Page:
June 20, 2008

Chaplaincy Takes All

A June 13 article accurately notes the growing need for Jewish chaplains in California and the fact that, as Rabbi Lon Moskowitz quite rightly states, there “simply aren’t enough chaplains to fill all the vacancies” (“Demand for Kosher Cuisine Swells Ranks of Jewish Prison Chaplains”). Indeed the need is even greater than that conveyed, given that the article focuses on Jews in prisons and, as such, did not mention the aging Jewish population in general and the increasing need for chaplains in hospitals and nursing homes.

But as disturbing as this is, what was more disturbing was the conveying of the all-too-common perception that only rabbis can be chaplains. Until fairly recently, Jewish chaplains were overwhelmingly ordained rabbis, and there has been real resistance among some to accept non-ordained colleagues, the feeling being that only clergy have the necessary religious training required to minister in this realm There are, however, opportunities for dedicated men and women to undertake training that combines serious Jewish learning and the pastoral and professional skills needed for chaplaincy.

Rabbi Mark Diamond of the Board of Rabbis of Southern California says that the board is seeking to recruit rabbis who can work with Jews across the denominational spectrum. This effort is half right: There’s a need for those who can work with all Jews across the denominational spectrum — but they do not necessarily need to be rabbis.

Hagee Has Done Good

It was surprising to me that Leonard Fein resorted to the same base rhetoric for which he castigates Pastor John Hagee (“Our Hagee Problem Has Yet To Be Addressed,” June 6). To call his fellow Jews “cheap whores” because they are willing to accept money and welcome support of Israel from Hagee and his followers crosses the line of decency.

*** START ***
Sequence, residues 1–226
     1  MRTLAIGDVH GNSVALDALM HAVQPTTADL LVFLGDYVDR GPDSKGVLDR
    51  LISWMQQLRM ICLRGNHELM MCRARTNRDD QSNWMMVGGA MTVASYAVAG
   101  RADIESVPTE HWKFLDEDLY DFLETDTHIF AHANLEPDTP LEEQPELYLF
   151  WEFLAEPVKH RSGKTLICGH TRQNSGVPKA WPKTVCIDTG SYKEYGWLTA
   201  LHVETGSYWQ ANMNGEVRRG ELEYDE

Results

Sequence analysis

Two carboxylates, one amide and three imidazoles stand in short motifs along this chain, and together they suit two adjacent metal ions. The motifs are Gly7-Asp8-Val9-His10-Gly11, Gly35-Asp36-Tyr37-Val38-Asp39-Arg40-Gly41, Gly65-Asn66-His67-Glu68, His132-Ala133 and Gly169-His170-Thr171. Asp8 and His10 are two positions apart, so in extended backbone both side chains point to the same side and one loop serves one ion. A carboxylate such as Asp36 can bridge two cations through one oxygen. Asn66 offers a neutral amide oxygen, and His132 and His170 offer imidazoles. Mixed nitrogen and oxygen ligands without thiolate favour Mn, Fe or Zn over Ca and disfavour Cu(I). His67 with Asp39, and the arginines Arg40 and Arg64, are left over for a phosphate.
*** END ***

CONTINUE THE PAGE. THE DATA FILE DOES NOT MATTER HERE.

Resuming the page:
Hagee and members of his ministry have provided substantial financial resources to the very same organizations and causes for which mainstream Jewry labors tirelessly. These include funds for Israeli absorption centers and foster homes, hospitals and counseling centers. In the United States he has provided support for Holocaust education and for high school trips to Israel and for the March of the Living program.

Hagee’s distorted view of the causes of the Holocaust — no matter what theology he bases it upon — is unacceptable and needs to be repudiated. Since the time he delivered his ill-advised sermon nearly two decades ago, Hagee has acknowledged that his personal understanding of the Holocaust and other matters for which he has been justifiably criticized, such as his opinions on the Catholic Church, have changed and he has publicly apologized for his mistakes. How many of us, including Fein, would want to be held accountable for all of our views — written, visual or spoken — that we held 20 years ago?

If the Jewish community were smart about it, it would do its best to ignore Hagee on issues where we disagree and accept his financial support for the things we value most and for which Hagee’s church provides very generous support.

The views and opinions expressed in this article are the author’s own and do not necessarily reflect those of the Forward.

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June 20, 2008

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